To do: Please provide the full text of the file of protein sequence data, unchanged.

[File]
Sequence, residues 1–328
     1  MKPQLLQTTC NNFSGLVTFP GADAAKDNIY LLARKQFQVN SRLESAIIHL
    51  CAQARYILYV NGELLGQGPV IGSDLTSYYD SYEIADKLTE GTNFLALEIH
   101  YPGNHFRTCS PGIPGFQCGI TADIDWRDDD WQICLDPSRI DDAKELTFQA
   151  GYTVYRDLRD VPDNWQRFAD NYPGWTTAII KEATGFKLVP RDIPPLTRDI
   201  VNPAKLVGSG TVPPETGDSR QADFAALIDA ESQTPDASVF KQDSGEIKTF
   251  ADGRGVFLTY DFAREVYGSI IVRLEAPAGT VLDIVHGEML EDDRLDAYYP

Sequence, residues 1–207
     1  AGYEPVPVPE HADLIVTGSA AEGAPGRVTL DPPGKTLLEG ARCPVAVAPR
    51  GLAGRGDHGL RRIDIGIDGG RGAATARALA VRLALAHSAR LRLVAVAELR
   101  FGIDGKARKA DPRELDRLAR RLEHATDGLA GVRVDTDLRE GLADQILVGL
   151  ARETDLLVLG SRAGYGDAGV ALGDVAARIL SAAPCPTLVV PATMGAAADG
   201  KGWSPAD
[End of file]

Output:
Sequence, residues 1–328
     1  MKPQLLQTTC NNFSGLVTFP GADAAKDNIY LLARKQFQVN SRLESAIIHL
    51  CAQARYILYV NGELLGQGPV IGSDLTSYYD SYEIADKLTE GTNFLALEIH
   101  YPGNHFRTCS PGIPGFQCGI TADIDWRDDD WQICLDPSRI DDAKELTFQA
   151  GYTVYRDLRD VPDNWQRFAD NYPGWTTAII KEATGFKLVP RDIPPLTRDI
   201  VNPAKLVGSG TVPPETGDSR QADFAALIDA ESQTPDASVF KQDSGEIKTF
   251  ADGRGVFLTY DFAREVYGSI IVRLEAPAGT VLDIVHGEML EDDRLDAYYP

Sequence, residues 1–207
     1  AGYEPVPVPE HADLIVTGSA AEGAPGRVTL DPPGKTLLEG ARCPVAVAPR
    51  GLAGRGDHGL RRIDIGIDGG RGAATARALA VRLALAHSAR LRLVAVAELR
   101  FGIDGKARKA DPRELDRLAR RLEHATDGLA GVRVDTDLRE GLADQILVGL
   151  ARETDLLVLG SRAGYGDAGV ALGDVAARIL SAAPCPTLVV PATMGAAADG
   201  KGWSPAD